Mad Max 2: The Road Warrior Screen 8 articles

Mad Max 2: The Road Warrior


Mad Max 2: The Road Warrior Poster
  • It begins very well, with the voice over and the fake black and white archive from after the end of the world. But Mad Max 2 ends up rather flat, at the end of a pursuit where monotony takes over even pyrotechnics. In fact, the film begins where the documentary finishes and finishes where the myth should start over. It only exists for a short moment, between the trauma of the past and the utopia of the future.

  • The style is more spectacular and comic-bookish than that of the original, which isn't all to the good: without the crude but functional motivations of the first film, the violence here comes to seem somewhat arbitrary and distasteful. But for pure rhythm and visual panache, Miller has few real competitors; the climactic chase, with its deft variation of tempo and point of view, is a minor masterpiece.

  • As a work of pure film craft, The Road Warrior is, indeed, the best in the series—a poetic action sonata of cars and leather that's rich in beautifully composed wide shots that are designed to tickle the eye... But the film is disappointingly conventional in spirit. Unlike Mad Max, its kinkiness is superficial, and Miller is overly preoccupied with offering Max up as a mythic hero right out of Joseph Campbell, despite the scant evidence on display to support that assertion.

  • This series has always suffered from a villain problem, and Lord Humungus is easily the least intimidating of the bunch—he looks like he wandered over from a nearby Ren Faire. A huge improvement on the original in every other respect, however, even if there's a lot less automotive mayhem than I remembered from my one previous viewing around (ulp) 25 years ago.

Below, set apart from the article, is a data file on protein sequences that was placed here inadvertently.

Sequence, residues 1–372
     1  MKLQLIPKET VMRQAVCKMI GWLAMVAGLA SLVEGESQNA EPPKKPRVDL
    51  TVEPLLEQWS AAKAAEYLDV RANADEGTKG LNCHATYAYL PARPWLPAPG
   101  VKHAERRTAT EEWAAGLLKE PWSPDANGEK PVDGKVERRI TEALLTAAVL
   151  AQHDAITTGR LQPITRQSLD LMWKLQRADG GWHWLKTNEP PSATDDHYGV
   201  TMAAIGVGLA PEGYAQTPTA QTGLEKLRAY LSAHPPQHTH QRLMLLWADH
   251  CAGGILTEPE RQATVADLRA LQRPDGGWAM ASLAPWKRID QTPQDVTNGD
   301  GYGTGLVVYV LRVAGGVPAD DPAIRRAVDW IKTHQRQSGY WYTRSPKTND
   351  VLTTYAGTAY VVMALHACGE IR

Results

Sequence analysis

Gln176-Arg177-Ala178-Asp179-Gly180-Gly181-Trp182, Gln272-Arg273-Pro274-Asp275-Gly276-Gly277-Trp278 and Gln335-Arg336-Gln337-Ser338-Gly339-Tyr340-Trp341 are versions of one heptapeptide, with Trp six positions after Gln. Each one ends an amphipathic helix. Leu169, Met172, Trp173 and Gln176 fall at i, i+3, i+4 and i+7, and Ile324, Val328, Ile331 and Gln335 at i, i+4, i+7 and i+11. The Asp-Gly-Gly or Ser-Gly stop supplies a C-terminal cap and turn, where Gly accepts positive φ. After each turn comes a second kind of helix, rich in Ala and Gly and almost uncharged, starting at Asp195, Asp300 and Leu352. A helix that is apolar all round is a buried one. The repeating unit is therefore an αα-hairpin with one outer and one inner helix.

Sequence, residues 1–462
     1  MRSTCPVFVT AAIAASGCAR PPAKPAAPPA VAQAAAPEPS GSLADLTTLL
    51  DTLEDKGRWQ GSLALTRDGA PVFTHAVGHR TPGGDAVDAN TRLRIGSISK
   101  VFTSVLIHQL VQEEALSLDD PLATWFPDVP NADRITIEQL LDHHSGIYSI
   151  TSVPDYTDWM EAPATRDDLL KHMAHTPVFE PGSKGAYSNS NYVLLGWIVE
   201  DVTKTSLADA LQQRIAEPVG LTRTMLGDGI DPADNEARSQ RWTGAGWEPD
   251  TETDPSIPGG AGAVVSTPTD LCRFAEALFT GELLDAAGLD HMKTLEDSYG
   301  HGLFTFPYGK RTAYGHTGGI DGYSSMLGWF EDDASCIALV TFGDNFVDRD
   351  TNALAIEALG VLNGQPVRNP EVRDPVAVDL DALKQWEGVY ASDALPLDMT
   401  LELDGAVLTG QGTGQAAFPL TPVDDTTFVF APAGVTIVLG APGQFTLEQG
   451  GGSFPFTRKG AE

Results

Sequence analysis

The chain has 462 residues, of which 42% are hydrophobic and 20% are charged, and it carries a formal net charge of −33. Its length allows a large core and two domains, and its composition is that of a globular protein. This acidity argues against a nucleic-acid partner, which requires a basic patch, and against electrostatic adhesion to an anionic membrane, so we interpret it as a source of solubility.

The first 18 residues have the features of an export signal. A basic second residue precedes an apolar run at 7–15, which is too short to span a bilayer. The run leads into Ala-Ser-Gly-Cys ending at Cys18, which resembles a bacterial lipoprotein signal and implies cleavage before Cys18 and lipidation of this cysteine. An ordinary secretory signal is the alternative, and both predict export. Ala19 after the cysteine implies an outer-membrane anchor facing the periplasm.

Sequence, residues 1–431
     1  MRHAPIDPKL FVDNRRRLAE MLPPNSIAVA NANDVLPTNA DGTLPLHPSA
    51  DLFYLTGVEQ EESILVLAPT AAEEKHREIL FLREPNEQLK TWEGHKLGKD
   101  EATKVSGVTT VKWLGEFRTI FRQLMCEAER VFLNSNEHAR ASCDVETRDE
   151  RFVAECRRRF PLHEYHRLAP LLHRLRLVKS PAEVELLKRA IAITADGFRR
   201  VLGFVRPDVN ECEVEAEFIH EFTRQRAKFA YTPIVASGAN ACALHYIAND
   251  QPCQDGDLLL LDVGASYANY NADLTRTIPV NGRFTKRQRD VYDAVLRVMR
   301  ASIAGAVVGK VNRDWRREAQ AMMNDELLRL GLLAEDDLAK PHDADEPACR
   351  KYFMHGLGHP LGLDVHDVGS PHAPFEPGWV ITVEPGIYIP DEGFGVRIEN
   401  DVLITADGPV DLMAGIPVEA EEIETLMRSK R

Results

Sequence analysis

• Exhilarating entertainment -- and a textbook for sophisticated, popular moviemaking.

  • ++

    The Globe and Mail: Jay Scott
    July 12, 1985 | Great Scott! (pp. 198-202)

    ...Variations on the melody might be possible, but the ideology mandating the melody itself... vitiated against the introduction of any new songs. Peckinpah's The Wild Bunch took the Western as far as it could go – in the end, it literally blew its heroes apart – and in The Road Warrior, Max was taken as far as he could go – in the end, he literally blew his villains apart, and he was left alone, a stranger and afraid, in a world he mostly made.

  • Perhaps too much emphasis has been placed, over the years, on the supposedly timeless and universal mythic aspect of Mad Max 2, with particular reference to Miller’s own favourite citation, Joseph Campbell’s The Hero With a Thousand Faces. A truer view would be that the enduring greatness and fascination of Mad Max 2derives from the fact that it is not pure but impure myth-making, performed at a dizzy height of cinematic inventiveness.

  • The Road Warrior is a relentless action opera – with movement, emotion, and music building and building to crashing crescendos of violence and catharsis, with little time for the niceties of plot (which would be a problem -- if the film had much of a plot).

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